In November of 2018, California’s Conejo Valley region was left reeling from two back-to-back calamities: a deadly mass shooting at the Borderline Bar & Grill on November 7, followed by the devastating Woolsey wildfire on November 8. The events claimed lives, forced thousands to evacuate their homes and left a community grief-stricken. Now almost a year after the “twin tragedies,” artists of international and national renown will recall the community’s strength, compassion and connection through a powerful group exhibition opening October 18, 2019, at the California Museum of Art Thousand Oaks (CMATO).
“Empathy: Beneath the Surface” presents a multi-disciplinary perspective on the idea of empathy and personal agency. Comprised of six distinct galleries covering more than 5,000-square feet, the exhibition centers around universal themes of loss, resilience and hope. Museum visitors will encounter large-scale representational paintings, contemporary sculpture, mixed media, installation, a blue-chip virtual reality film, cinematic photography and stunning modern tapestries, navigating through each artist’s personal narrative while experiencing a collective expression of empathy and connection.
On view through February 16, 2020, “Empathy: Beneath the Surface” features seven highly diverse and distinguished contemporary artists:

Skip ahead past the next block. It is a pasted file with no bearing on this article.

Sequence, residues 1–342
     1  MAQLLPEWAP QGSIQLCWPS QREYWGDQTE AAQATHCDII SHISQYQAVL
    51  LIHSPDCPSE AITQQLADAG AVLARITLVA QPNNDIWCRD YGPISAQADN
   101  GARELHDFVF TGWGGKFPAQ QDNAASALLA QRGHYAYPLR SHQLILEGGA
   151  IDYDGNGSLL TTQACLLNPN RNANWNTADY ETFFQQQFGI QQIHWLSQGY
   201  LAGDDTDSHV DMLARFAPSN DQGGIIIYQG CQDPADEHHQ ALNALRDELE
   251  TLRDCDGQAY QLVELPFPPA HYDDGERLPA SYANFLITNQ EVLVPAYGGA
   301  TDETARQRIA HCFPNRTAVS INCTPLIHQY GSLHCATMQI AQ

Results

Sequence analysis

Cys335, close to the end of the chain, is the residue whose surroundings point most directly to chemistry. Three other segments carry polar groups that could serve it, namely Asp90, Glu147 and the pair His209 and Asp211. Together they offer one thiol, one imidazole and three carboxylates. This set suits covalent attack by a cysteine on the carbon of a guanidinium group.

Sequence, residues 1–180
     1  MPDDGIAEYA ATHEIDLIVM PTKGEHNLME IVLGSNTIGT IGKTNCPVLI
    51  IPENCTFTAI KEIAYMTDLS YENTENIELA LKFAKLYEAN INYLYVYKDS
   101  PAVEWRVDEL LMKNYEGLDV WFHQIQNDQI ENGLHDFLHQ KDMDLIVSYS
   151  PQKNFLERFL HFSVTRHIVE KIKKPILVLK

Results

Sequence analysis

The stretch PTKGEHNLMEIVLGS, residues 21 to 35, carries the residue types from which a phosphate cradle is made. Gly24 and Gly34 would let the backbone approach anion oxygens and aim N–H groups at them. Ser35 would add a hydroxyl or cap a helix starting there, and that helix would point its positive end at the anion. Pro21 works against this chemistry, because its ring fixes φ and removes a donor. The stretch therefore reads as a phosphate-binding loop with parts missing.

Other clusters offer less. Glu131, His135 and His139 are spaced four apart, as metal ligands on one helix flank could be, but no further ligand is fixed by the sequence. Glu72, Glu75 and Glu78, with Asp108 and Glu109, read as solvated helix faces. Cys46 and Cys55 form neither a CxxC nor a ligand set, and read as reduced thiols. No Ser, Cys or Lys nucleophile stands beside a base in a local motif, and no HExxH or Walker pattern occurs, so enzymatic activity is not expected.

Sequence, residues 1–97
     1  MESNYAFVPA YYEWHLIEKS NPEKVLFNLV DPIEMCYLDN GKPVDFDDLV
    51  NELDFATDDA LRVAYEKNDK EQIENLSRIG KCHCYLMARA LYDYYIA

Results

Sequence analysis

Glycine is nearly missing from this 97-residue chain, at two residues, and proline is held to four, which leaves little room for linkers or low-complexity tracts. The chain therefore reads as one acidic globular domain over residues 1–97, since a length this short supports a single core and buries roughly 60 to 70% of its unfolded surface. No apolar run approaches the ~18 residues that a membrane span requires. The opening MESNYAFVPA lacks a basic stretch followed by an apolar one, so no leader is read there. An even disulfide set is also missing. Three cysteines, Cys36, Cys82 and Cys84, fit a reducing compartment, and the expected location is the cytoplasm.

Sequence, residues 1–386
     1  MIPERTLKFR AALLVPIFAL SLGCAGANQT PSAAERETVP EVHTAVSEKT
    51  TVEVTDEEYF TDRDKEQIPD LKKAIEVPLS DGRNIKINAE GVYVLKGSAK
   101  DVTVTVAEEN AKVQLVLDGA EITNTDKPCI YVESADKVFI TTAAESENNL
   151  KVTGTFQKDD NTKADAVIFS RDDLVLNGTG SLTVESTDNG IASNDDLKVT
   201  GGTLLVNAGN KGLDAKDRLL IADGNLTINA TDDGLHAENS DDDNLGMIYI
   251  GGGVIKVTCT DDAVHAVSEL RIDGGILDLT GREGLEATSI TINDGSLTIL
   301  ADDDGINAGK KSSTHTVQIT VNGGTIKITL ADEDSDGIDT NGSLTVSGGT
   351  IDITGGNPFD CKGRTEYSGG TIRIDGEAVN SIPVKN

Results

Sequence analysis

- Hung Liu, one of the most prominent Chinese American artists working in the United States today. Liu’s art explores themes of memory, history, endurance and cultural identity through works that navigate the life-long experiences of immigration and homecoming. Trained as a socialist realist painter and muralist in her native China, she lived through the Mao regime and personally experienced the Great Leap Forward and the Cultural Revolution. During the Cultural Revolution, she worked in the fields for four years, while clandestinely making photographs and drawings of what she saw there. Her works have been exhibited nationally and internationally, and are in the collections of SFMOMA, the Whitney Museum of American Art, the Metropolitan Museum of Art, the National Gallery of Art in Washington, D.C., the Asian Art Museum in San Francisco, among others. Liu is a professor emeritus in the art department at Mills College.
- Fine art photographer Marjorie Salvaterra, whose cinematic, black and white depictions of women combine glamour, humor and the mundane to make powerful statements about the roles women are expected to play and how they cope. Her highly acclaimed monograph, HER: Meditations on Being Female, traces the psychology of age and gender while challenging notions of femininity and perfectionism. Salvaterra’s solo exhibitions include The Griffin Museum of Photography, JDC Fine Art (San Diego), Clark-Oshin Gallery (Los Angeles) and Month of Photography (Los Angeles). She was named one of LensCulture’s top 50 Emerging Artists.
- Multi-disciplinary artist, curator and Building Bridges International Art Foundation co-founder Marisa Caichiolo, whose visual work encompasses video art installation, painting and sculpture. A native of Argentina, Caichiolo explores the problems and complexities of identity through the construction of symbolic worlds, often using the human body, clothing and skin as metaphors. Her works have been showcased internationally in Brazil, Mexico, France, Spain, Japan, Korea, China and Argentina as well as nationally in New York and Los Angeles.